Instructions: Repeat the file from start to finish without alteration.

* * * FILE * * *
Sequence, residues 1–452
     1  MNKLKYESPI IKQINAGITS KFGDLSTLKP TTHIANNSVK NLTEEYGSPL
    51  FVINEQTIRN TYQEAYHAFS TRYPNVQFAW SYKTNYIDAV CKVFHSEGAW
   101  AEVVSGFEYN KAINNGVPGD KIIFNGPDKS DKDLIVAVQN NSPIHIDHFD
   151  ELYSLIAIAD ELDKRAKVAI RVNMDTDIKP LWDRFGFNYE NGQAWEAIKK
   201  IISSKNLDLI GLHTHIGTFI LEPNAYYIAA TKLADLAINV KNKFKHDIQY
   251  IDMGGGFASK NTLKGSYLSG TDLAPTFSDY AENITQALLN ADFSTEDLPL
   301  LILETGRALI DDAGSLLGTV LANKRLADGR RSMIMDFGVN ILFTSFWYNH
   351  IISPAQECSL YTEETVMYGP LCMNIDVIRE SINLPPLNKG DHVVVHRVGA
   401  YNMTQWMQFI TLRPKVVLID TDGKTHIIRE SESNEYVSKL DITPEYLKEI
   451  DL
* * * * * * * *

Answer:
Sequence, residues 1–452
     1  MNKLKYESPI IKQINAGITS KFGDLSTLKP TTHIANNSVK NLTEEYGSPL
    51  FVINEQTIRN TYQEAYHAFS TRYPNVQFAW SYKTNYIDAV CKVFHSEGAW
   101  AEVVSGFEYN KAINNGVPGD KIIFNGPDKS DKDLIVAVQN NSPIHIDHFD
   151  ELYSLIAIAD ELDKRAKVAI RVNMDTDIKP LWDRFGFNYE NGQAWEAIKK
   201  IISSKNLDLI GLHTHIGTFI LEPNAYYIAA TKLADLAINV KNKFKHDIQY
   251  IDMGGGFASK NTLKGSYLSG TDLAPTFSDY AENITQALLN ADFSTEDLPL
   301  LILETGRALI DDAGSLLGTV LANKRLADGR RSMIMDFGVN ILFTSFWYNH
   351  IISPAQECSL YTEETVMYGP LCMNIDVIRE SINLPPLNKG DHVVVHRVGA
   401  YNMTQWMQFI TLRPKVVLID TDGKTHIIRE SESNEYVSKL DITPEYLKEI
   451  DL